Skyrocketing prices for natural gas have reached a level equivalent to $190 for a barrel of crude, which is higher than the peak oil price during the 2008 financial crisis.
European gas prices smashed yet another record on Friday, jumping to almost $115 per megawatt-hour in morning trading, Intercontinental Exchange (ICE) data showed.
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It is the highest price ever for natural gas. It is also $190 per barrel of oil equivalent, Bloomberg estimates, which is more than double the current price of Brent crude. Brent’s all-time price record was reached back in 2008, when it cost $147.50 a barrel.
Europe is not the only region that’s been smashing gas price records. North Asia’s benchmark for spot liquefied natural gas shipments – Japan-Korea Marker – also jumped this week to $34.47 per million British thermal units, the highest since 2009, according to price reporting agency S&P Global Platts. Compared to oil, it also gives a price equivalent of nearly $190 per barrel.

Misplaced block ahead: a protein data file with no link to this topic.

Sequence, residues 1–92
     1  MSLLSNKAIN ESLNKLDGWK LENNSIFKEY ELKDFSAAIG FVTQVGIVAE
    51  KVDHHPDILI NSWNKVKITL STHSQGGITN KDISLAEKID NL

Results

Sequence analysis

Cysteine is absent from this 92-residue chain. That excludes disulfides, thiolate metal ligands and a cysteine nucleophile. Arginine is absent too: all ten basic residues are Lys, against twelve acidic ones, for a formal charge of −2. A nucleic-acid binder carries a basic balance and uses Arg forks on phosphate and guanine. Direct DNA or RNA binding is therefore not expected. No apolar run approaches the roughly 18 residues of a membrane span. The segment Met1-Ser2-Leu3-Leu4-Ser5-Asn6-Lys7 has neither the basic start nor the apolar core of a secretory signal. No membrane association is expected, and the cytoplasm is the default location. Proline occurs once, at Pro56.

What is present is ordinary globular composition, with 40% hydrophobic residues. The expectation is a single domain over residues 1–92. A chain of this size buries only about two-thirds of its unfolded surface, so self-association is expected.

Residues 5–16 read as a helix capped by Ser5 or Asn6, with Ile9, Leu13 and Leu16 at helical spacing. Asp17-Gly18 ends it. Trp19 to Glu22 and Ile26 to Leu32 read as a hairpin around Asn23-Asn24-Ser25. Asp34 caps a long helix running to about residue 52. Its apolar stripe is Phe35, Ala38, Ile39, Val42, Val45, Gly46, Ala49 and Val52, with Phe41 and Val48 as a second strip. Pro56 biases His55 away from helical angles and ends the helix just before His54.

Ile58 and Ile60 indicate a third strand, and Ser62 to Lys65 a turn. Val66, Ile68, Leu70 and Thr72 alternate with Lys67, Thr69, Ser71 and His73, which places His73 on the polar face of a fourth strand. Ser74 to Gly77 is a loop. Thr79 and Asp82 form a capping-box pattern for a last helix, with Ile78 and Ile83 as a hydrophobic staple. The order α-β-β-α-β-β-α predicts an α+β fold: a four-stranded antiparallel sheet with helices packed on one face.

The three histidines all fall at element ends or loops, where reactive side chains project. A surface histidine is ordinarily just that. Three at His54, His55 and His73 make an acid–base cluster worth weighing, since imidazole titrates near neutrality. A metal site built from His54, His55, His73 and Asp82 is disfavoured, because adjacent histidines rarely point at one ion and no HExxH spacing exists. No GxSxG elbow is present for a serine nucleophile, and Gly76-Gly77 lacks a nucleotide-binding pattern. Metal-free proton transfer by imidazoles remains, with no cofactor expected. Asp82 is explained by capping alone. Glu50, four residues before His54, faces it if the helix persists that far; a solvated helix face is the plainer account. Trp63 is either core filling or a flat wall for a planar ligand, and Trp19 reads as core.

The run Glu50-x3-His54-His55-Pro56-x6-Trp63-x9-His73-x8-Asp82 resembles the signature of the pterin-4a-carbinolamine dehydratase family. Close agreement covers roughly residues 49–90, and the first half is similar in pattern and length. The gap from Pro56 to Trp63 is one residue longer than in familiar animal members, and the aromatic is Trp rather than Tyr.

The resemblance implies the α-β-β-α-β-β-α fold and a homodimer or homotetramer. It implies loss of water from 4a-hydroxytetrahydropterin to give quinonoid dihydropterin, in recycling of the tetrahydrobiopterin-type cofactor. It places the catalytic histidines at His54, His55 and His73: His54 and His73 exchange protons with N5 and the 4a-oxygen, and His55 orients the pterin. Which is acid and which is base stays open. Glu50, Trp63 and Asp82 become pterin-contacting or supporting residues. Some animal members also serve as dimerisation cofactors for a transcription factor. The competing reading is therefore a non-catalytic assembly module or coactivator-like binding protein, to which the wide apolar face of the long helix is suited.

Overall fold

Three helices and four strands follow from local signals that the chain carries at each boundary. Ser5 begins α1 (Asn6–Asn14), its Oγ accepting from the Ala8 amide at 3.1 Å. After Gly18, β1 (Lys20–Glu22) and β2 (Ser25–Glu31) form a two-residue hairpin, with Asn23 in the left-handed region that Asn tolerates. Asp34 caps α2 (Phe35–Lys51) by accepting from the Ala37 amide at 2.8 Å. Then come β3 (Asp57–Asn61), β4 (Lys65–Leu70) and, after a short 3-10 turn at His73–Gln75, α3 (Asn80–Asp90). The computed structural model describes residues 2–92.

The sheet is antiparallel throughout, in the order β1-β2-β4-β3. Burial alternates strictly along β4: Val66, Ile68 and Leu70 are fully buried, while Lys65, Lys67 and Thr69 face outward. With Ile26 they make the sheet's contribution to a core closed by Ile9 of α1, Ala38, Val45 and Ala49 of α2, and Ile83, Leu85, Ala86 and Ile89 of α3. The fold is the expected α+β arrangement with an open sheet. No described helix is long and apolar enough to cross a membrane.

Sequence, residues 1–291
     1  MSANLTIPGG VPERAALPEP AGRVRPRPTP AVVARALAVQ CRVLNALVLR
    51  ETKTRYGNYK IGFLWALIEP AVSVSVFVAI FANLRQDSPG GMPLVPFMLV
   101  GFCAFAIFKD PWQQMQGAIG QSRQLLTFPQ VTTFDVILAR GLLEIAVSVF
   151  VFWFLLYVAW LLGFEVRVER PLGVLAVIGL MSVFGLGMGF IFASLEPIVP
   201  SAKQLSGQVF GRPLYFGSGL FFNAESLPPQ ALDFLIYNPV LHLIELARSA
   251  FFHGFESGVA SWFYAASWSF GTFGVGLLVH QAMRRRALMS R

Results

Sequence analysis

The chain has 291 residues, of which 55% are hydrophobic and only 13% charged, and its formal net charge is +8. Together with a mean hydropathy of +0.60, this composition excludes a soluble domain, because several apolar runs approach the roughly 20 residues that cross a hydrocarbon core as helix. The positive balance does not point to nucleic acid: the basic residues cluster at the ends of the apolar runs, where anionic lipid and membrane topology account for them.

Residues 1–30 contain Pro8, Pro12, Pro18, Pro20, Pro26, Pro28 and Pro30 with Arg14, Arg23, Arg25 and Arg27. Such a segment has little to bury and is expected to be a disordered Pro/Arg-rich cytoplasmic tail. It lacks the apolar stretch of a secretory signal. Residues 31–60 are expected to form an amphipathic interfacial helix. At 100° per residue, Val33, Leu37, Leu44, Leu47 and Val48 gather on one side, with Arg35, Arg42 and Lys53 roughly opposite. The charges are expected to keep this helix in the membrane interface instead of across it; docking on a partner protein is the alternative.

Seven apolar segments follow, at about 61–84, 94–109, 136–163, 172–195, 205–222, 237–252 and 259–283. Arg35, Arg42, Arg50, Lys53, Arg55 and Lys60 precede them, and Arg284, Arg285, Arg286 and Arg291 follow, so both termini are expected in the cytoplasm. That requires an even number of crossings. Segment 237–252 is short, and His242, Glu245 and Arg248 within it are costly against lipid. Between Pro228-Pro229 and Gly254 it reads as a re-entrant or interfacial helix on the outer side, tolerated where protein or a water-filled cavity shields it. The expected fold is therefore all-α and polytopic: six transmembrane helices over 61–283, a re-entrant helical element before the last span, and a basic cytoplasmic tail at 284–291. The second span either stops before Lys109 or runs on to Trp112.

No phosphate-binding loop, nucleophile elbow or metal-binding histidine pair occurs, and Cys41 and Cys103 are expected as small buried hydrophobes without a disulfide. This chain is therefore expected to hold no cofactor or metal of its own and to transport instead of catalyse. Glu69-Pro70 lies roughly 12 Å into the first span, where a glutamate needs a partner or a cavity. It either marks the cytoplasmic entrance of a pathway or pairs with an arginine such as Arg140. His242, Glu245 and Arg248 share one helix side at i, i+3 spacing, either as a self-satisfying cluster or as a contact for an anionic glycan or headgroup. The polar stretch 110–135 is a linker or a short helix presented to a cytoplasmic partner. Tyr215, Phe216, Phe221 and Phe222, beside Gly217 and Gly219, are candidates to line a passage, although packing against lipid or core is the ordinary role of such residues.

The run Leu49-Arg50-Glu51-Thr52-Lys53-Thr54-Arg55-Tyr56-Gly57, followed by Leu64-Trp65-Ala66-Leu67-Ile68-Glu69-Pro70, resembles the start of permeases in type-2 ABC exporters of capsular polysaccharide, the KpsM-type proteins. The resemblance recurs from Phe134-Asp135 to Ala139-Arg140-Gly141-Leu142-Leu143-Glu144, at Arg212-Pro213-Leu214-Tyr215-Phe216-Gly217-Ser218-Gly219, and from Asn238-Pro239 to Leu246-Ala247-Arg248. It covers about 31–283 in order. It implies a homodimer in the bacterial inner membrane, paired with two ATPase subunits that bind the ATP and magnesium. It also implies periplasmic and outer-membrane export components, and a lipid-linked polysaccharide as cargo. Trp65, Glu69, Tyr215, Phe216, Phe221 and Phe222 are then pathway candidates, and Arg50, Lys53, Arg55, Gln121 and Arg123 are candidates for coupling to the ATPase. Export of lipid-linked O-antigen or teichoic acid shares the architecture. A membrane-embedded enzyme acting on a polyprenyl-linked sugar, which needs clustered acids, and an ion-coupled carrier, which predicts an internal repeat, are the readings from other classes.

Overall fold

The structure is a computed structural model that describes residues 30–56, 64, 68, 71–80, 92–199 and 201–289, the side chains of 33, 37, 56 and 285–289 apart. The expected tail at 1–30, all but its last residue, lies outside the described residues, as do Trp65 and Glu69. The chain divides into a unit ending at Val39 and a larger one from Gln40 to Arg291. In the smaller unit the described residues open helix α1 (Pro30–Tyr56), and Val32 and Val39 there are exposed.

In total, according to Platts, gas prices in Europe soared approximately 340% this summer. This leaves European gas markets to enter winter at record high energy costs and depleted gas storage. In an interesting twist, Platts analysts predict that Europe will start switching from gas to oil throughout the coming months.
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However, oil prices are also on the rise, driven by energy demand running ahead of supply amid the post-pandemic recovery of the global economy. The Brent crude oil price for November exceeded $80 per barrel this week for the first time in three years, while US benchmark West Texas Intermediate (WTI) November futures were also up, jumping to $76.09 a barrel.
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